Where do we go from here?

Ecuador - Damien's House 2

It’s over already? It’s hard to believe our time in Ecuador has come and gone in what seemed like no time at all. It has been quite the adjustment being home for 4 days already. An adjustment to the body, but more importantly an adjustment to the way we all think. Im sure we all had perceptions of how we saw Ecuador before our trip, but I guarantee you, we were more surprised then anything.

It’s amazing to think this whole experience began with one conversation that led to an application, then acceptance. Acceptance led to our first meeting where we met all of the strangers that were going to become what we now all know as friends. Then we had our first class and things began to seem a little more real in the sense that we were actually going to Ecuador. Then as a group we were vaccinated, then involved in an international seminar that highlighted the do’s and don’ts during our time in Ecuador, as well as some of the differences we may experience.

Ecuador - Damien's House 3

Perl – 300 is a study abroad opportunity that follows a academic curriculum. That being said without the countless hours of fundraising, it may not have been possible. We began our fundraising with two bar nights, one of which was at Hudson downtown, while the other, was at the Ranch Roadhouse. These two events were successful in helping us raise money for our trip and also gave our Perl – 300 group the opportunity to get to know one another outside of a class setting. Next we had cookie dough sale that saw our group sell a total of 170 cookie dough tubs. Another of the fundraising, an arguably the largest was the Dinner and silent auction. A lot of time and effort went into making this night a success. From top to bottom we all lent a helping hand, which was great to see, and was truly a prequel to how well we would work as a group in Ecuador. On one of the final days before we left, some of our classmates were apart of a dirt sale that saw us move roughly two trucks loads of organic dirt compost. This was a valuable day as it proved to be practice for the time we spent digging and creating concrete at the Orphanage in Olon.

And just like that, we were off. While in Ecuador we spent the majority of our time at three agencies; Damien’s House (House for those with Leprosy), Corinion (Day care for malnourished children), and Hogar de Cristo (a School). I spent most of my time at Damien’s House and Hogar de Cristo, and I have to say spending time at these agencies has changed my life.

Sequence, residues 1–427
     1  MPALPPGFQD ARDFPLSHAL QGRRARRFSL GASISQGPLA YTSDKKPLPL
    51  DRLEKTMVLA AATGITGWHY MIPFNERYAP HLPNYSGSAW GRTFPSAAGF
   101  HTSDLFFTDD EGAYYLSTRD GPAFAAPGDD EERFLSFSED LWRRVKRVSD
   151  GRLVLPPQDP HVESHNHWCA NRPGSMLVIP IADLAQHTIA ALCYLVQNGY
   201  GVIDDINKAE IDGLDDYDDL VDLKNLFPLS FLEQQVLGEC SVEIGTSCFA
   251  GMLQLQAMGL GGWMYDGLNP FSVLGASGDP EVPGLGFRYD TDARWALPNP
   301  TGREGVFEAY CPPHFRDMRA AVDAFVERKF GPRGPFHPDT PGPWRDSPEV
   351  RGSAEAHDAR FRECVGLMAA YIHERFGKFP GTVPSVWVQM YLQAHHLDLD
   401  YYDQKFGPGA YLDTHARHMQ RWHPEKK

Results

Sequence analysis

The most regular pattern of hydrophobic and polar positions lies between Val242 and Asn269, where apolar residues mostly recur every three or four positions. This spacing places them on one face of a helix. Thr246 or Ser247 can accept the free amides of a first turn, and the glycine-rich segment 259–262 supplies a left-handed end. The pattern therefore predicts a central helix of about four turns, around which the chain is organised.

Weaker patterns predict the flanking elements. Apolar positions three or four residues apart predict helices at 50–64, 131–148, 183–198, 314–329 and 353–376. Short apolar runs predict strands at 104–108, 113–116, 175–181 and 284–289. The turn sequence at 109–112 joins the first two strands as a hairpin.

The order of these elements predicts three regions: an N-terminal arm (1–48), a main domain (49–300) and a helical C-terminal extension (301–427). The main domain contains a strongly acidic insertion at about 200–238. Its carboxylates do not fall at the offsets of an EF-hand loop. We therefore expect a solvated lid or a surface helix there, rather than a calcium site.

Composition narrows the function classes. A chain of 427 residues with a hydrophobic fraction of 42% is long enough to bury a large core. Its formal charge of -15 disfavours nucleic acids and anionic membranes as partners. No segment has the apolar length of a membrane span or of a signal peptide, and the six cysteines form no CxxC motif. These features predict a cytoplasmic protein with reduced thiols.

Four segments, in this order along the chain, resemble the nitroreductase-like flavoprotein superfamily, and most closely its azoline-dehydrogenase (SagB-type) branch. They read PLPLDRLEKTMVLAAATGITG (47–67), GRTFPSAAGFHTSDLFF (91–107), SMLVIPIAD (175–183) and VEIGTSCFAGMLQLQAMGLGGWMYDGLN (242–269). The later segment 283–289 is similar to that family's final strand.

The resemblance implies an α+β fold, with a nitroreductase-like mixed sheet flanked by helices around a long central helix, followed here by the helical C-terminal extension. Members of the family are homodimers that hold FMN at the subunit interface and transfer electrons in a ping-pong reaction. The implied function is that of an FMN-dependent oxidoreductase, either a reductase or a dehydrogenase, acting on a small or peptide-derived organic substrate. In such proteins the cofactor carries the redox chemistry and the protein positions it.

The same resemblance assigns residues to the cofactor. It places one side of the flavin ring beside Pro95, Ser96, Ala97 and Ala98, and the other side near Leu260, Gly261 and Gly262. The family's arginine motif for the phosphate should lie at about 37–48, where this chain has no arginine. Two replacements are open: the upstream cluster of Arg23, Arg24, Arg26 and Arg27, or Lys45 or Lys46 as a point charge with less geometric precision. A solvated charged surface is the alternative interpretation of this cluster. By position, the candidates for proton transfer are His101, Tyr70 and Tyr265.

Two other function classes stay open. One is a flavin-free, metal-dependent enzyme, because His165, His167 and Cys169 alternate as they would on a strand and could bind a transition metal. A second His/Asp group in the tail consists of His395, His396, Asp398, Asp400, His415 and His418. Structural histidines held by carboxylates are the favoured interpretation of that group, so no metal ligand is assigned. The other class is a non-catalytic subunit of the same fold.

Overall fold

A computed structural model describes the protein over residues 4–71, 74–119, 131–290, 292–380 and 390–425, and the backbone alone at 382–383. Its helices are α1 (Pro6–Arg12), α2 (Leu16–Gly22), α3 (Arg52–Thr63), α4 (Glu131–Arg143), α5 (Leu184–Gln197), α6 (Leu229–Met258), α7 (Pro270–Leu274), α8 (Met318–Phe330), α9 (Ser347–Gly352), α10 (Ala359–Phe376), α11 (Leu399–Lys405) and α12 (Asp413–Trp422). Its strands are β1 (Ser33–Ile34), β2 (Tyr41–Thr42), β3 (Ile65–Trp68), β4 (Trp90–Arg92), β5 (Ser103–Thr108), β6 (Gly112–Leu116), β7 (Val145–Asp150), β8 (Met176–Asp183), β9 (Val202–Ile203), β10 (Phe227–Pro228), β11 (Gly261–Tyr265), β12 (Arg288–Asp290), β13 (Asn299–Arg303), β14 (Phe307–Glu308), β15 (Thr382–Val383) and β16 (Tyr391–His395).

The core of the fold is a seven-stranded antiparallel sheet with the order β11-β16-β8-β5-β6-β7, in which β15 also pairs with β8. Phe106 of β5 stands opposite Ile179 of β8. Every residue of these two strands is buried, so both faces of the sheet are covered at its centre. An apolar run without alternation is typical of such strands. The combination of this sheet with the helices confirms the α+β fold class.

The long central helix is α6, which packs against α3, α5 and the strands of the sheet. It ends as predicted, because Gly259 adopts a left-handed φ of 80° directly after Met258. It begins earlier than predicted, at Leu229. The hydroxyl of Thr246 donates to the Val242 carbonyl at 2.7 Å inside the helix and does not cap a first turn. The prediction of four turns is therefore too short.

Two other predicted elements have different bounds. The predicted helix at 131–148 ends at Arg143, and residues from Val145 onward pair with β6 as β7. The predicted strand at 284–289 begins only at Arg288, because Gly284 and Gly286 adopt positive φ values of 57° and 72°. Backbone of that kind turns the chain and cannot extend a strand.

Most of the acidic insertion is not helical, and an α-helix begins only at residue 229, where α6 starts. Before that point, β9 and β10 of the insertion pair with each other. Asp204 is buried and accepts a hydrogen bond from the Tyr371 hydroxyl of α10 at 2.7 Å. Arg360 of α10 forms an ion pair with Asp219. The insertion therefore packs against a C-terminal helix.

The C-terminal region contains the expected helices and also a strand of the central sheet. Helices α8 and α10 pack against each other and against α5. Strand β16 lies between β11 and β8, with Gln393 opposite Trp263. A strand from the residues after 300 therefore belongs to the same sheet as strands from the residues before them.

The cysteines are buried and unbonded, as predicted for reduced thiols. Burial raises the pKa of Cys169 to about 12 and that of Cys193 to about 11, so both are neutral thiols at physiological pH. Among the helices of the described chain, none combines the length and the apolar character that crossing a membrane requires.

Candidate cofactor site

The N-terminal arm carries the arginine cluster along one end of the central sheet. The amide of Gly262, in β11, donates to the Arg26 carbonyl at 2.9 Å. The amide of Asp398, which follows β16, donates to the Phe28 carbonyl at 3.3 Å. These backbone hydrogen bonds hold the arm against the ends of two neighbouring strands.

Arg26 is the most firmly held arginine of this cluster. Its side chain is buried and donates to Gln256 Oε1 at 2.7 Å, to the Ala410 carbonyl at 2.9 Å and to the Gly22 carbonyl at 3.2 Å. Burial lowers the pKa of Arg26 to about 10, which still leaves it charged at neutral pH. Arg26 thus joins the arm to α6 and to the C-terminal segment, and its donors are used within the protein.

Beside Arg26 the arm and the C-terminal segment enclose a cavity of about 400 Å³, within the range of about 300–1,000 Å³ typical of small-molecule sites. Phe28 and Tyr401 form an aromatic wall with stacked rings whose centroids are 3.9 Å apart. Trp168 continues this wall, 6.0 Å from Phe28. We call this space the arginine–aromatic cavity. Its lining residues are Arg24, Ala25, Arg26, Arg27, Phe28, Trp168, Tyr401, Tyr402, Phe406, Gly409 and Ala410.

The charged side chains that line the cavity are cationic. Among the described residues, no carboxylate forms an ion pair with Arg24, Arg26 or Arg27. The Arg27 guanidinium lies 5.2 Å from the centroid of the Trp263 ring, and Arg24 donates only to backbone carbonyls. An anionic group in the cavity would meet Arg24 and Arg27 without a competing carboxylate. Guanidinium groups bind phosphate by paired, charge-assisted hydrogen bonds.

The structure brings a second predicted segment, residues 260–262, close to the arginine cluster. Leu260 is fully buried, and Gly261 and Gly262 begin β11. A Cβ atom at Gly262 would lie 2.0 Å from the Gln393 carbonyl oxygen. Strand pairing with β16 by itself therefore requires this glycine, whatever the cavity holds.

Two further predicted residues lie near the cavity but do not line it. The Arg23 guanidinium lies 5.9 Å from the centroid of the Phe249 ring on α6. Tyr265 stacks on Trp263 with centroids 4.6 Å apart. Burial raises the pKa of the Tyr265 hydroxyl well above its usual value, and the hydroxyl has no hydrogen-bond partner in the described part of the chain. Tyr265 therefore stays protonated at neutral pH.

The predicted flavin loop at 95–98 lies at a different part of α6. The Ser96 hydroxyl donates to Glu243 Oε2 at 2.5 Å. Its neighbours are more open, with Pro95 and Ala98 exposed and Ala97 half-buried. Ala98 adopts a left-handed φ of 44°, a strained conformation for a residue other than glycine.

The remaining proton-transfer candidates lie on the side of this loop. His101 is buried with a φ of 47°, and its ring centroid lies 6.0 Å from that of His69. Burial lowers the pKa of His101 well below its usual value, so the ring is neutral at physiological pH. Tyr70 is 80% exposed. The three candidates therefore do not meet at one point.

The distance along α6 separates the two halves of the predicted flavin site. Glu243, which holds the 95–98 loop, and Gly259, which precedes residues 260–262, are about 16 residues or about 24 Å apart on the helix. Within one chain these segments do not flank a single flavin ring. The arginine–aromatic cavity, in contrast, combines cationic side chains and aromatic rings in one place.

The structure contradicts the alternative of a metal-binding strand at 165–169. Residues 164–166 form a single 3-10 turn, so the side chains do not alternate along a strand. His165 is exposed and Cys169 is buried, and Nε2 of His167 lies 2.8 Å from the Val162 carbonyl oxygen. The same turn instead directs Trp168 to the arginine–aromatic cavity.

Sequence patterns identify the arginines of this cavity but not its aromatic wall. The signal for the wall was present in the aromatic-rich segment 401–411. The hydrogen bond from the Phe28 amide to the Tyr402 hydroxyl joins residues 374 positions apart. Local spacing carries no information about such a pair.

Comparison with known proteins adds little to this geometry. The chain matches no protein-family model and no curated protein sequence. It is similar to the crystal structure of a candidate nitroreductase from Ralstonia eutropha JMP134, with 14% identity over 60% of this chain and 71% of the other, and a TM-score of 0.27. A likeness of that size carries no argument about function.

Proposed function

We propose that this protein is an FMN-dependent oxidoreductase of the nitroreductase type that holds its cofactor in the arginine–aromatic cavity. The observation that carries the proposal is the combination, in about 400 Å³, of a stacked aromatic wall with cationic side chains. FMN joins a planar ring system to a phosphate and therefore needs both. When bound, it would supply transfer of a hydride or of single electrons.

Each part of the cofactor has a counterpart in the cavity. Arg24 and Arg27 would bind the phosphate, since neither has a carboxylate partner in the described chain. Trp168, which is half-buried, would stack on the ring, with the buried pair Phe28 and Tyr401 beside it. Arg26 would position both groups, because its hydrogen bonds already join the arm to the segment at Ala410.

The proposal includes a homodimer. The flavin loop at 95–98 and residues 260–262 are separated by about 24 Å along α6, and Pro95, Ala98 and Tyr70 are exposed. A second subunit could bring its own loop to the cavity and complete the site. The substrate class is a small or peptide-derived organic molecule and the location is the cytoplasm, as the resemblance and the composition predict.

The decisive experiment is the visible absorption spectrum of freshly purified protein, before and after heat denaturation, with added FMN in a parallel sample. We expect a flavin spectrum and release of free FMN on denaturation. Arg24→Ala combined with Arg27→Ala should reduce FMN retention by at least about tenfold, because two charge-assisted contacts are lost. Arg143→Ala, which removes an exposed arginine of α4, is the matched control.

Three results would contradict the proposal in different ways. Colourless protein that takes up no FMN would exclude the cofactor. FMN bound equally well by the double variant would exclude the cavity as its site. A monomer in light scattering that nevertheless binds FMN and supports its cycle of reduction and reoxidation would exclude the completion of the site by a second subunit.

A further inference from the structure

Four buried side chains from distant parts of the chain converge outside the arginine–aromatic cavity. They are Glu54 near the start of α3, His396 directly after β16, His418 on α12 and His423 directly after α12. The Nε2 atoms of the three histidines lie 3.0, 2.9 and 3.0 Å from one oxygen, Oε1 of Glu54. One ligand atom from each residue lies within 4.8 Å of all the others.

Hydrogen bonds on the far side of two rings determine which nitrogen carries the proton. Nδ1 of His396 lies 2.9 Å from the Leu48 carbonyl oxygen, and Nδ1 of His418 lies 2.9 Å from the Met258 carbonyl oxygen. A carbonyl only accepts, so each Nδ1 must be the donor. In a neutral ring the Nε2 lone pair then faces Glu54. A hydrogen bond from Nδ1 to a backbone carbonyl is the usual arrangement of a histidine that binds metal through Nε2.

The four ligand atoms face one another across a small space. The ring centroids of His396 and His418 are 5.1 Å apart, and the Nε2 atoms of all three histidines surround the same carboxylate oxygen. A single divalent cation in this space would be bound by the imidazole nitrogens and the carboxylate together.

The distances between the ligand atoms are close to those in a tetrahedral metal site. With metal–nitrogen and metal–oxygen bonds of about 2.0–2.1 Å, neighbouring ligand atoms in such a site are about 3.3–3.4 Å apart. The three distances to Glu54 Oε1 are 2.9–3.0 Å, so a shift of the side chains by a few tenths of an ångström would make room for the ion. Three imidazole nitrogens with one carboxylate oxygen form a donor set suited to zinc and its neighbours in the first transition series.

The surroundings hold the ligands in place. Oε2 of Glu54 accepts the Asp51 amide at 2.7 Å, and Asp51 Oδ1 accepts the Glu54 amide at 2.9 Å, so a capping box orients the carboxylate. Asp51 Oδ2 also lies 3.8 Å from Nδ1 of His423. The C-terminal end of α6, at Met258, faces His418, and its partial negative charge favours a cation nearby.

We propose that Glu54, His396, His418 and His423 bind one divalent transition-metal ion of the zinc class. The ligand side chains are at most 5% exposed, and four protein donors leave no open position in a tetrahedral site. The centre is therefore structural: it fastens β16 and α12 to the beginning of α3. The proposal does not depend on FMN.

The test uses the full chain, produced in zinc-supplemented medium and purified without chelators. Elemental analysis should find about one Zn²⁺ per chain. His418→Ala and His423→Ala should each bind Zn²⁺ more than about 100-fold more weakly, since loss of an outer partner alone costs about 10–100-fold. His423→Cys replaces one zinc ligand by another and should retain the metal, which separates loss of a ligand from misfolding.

I really didn’t have any expectations going into the trip for Damien’s House; however, maybe 5 minutes into our first visit, I was nearly in tears. The residents of Damien’s House are elder people who have been diagnosed with Leprosy that has been treated. A lot of these residents have been abandoned or shunned by their families because of it. Despite all of these what would seem like negatives situations, theses residents were some of the happiest people I have ever met. On one of the days I spent nearly an hour playing catch with one of the residents who for every second of our time together had a smile on and was laughing. At first, I had no idea why Damien’s had such an effect on me, but being home for a few days, its quite simple. The residents of Damien’s in realistic terms have little, but are beyond rich in their spiritual health. They have found happiness in what seem like sad times. This was a valuable for me, because it opens your eyes to life in Canada. We often take things for granted or wine and complain about things that really don’t matter.

Ecuador - Damien's House

I often ask myself, now what? The trip has come, the trip has gone, but how am I going to make a difference in the lives of the people I know the same way I was affected during my time at Damian’s?

Although I may not have the answer at this moment, I intend to find it. My goal is to help people appreciate life the way the residents of Damien’s do. I want them to realize what they have and to understand that one day it could all be taken from them.

I hope that one day I can go back and see all the smiling faces of Damien’s house, but until then, I have some work to do!